There are three service centres in Glasgow for the DWP and the situation concerns people working in those service centres who do not have to do face-to-face. I am telling the House what is happening in Glasgow, but I am sure this will not just be the case in Glasgow; I imagine that it is widespread across these islands. Workers were on a work-from-home pilot scheme. Some teams were allowed to work four days a week at home and one day in the office. Others worked three weeks at home and one week in the office.

On 23 September, the Prime Minister and the First Minister both gave the instruction that anybody who could work from home should work from home. Naturally, those workers expected that they would be allowed to work from home full time, but they were refused permission to do that. Some of the workers, who are all kitted out at home, are having to bring their equipment into the office on that one day of the week or that one week of the month, despite what the Government were saying people should do. They were constantly being told that it was fine, it was safe and that there was no danger to them. Well, that was not what the Government were saying.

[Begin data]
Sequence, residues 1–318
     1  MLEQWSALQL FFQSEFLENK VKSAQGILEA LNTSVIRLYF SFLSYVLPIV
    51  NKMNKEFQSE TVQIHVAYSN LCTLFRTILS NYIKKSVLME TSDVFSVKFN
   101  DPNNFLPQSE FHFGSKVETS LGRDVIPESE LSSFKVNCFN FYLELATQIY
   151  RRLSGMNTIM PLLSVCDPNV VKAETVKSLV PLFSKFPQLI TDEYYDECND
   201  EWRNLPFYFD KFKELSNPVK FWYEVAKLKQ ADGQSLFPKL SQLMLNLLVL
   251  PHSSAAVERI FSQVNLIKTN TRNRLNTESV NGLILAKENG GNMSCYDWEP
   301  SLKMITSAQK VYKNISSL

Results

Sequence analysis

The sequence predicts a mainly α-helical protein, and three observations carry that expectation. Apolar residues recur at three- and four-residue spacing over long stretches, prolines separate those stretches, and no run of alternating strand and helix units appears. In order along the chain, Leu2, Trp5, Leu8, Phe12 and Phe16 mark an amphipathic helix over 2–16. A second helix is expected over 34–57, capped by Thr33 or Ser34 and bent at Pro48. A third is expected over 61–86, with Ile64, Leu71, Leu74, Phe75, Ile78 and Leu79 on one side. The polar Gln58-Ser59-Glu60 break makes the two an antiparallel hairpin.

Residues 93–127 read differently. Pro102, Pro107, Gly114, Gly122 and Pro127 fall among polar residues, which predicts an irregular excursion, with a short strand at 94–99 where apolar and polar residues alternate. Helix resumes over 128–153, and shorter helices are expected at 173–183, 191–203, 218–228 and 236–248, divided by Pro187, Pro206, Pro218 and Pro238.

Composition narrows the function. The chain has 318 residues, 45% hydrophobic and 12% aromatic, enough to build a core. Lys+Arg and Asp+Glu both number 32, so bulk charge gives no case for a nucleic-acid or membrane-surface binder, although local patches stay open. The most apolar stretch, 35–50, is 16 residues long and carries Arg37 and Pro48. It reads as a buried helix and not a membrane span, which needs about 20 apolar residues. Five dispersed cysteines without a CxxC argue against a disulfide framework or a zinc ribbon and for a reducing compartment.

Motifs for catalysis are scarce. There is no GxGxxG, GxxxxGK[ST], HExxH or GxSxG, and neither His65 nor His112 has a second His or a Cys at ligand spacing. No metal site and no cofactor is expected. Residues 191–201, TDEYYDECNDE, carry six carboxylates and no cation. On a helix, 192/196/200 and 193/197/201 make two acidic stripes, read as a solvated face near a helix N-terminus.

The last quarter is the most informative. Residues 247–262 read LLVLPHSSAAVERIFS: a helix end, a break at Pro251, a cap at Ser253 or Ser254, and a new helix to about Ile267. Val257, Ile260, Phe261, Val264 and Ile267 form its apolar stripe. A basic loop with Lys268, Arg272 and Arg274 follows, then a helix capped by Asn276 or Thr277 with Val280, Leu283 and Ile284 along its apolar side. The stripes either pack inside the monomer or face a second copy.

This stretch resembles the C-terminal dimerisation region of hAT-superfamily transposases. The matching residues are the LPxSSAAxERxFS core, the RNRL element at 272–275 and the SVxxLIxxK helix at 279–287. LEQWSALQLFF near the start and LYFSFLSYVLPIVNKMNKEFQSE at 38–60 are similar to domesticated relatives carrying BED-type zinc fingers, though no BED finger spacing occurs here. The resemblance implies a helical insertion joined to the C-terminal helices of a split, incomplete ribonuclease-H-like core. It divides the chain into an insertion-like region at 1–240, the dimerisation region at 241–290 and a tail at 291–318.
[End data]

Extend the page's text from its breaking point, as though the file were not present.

On the week ending 9 October, it was announced that two members of staff in that building had tested positive. On 12 October, another three members of staff were reported to have tested positive. On 15 October, a further two members of staff tested positive—seven cases in less than a week. On 19 October, Monday of this week, there was another case and on 20 October, Tuesday, there were another two. So that is 10.

I am sure that Members can understand the fears that those workers were experiencing, but I will tell them who did not understand—or maybe they did and just did not care. Last Friday, a senior manager at the DWP held a Skype meeting with the teams to reassure them that the office was safe and to remind them that the pilot could not be changed and there could be no flexibility, despite what the Prime Minister and the First Minister were telling employers to do. I understand that the tone was more threatening than reassuring. The senior manager warned that if workers continued to raise concerns the pilot might be cancelled and they would all be forced to work in the office full time. She “hoped” that that would not have to happen. That is workplace bullying and I hope the Secretary of State will raise it with the Secretary of State for Work and Pensions. I certainly will be raising it.